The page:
Libratone is a Scandinavian company and does things a little differently. First, it likes its materials: whether woolly coats or similar, like with its Diva soundbar. Second, its products aren't as outlandishly expensive as most things in Copenhagen.

The Libratone Zipp is a typically quirky product: the second-generation model (and entirely different from the vertical-zip-up-jacket version of 2012) this is the Zipp all-new, and it's curiously larger than, well, pretty much any other portable speaker at this price point.

The company might not be the best known in the UK, but even so does it have the at-home and portable Bluetooth speaker market all zipped-up with the new Zipp? We've been listening for a week to take it all in.

When the Zipp boxes arrived at the office - we also had a Zipp Mini delivered to test out multi-room and multi-speaker capabilities - we were baffled as to why they were so big. "This is a portable speaker", so we thought, but perhaps not in the traditional sense.

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Sure, the Zipp has a hangy leather handle - much like other Danish manufacturer Bang & Olufsen also opts for in similar products - so it can be hung up, or be carted around while active thanks to its on-board battery. But the product's overall 260mm height and 125mm diameter (without the hangy handle protrusion considered) make the Zipp, well, just large. Similar £200-odd portables tend to be diminutive by comparison.

Which isn't necessarily a problem, because what you're getting with the new Zipp is a lot for your money. That larger space means larger speakers and more bass than smaller constructions can manage. Plus it's cylindrical by design, so sound is projected out through 360-degrees, rather than being in a predominant single direction.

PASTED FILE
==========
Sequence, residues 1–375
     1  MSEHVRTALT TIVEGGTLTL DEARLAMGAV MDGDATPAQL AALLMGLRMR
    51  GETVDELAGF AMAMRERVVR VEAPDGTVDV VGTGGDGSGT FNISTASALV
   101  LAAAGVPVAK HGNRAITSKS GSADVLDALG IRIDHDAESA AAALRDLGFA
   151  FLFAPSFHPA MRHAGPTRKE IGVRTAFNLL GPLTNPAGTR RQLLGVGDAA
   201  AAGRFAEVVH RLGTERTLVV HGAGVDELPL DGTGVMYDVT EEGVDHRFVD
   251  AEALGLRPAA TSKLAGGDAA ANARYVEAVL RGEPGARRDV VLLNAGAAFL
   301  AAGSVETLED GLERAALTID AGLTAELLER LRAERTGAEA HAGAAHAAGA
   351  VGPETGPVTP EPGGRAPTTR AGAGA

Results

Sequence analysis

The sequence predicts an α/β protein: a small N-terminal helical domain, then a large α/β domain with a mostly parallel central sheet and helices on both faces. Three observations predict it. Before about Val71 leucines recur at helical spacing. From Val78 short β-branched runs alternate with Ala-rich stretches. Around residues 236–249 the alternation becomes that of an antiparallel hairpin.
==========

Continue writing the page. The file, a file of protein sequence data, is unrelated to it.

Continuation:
As we alluded to, Libratone likes its materials and quirks, the Zipp's point of distinction being - you guessed it - a zipper. Yep, an actual zip; one used to hold the external mesh jacket around the cylinder, sat above the rubberised white base.

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The point of the zip? You can swap out the jackets for other colours if you're feeling a bit Ikea. Although we've tried and struggled to actually remove the red jacket of this particular review model. No biggie, though, we think it's a rather fetching colour. There are also graphite, grey and blue (Lagoon) colour options to choose from, or sold-separately colour jackets with suitably silly names: orange (Signal), green (Atlantic Deep), and deep red (Sangria).

Pairing via Bluetooth is no issue at all, with the Zipp found rapidly on our Macbook Air's drop menu. The range has been decent too, even surviving being carted into a second room away from the source with the signal holding up well. Good job.


But Libratone is more interested in pushing its SoundSpaces, the idea being a Wi-Fi/multi-room/synced app-based experience. Setting up is relatively simple, with everything prompted through the app - you'll just need your Wi-Fi network to connect the speakers to the same network as your source device for a solid connection.

Everything can be controlled within the app too, from the volume to the speaker position (not physically, of course) to equalisation pre-set - each of which are named with practical name for "Voicing" and "Room Setting" sections. You can even click and drag two speakers together to form one space, which output together - it works really well (we tested the Zipp paired with the Zipp Mini).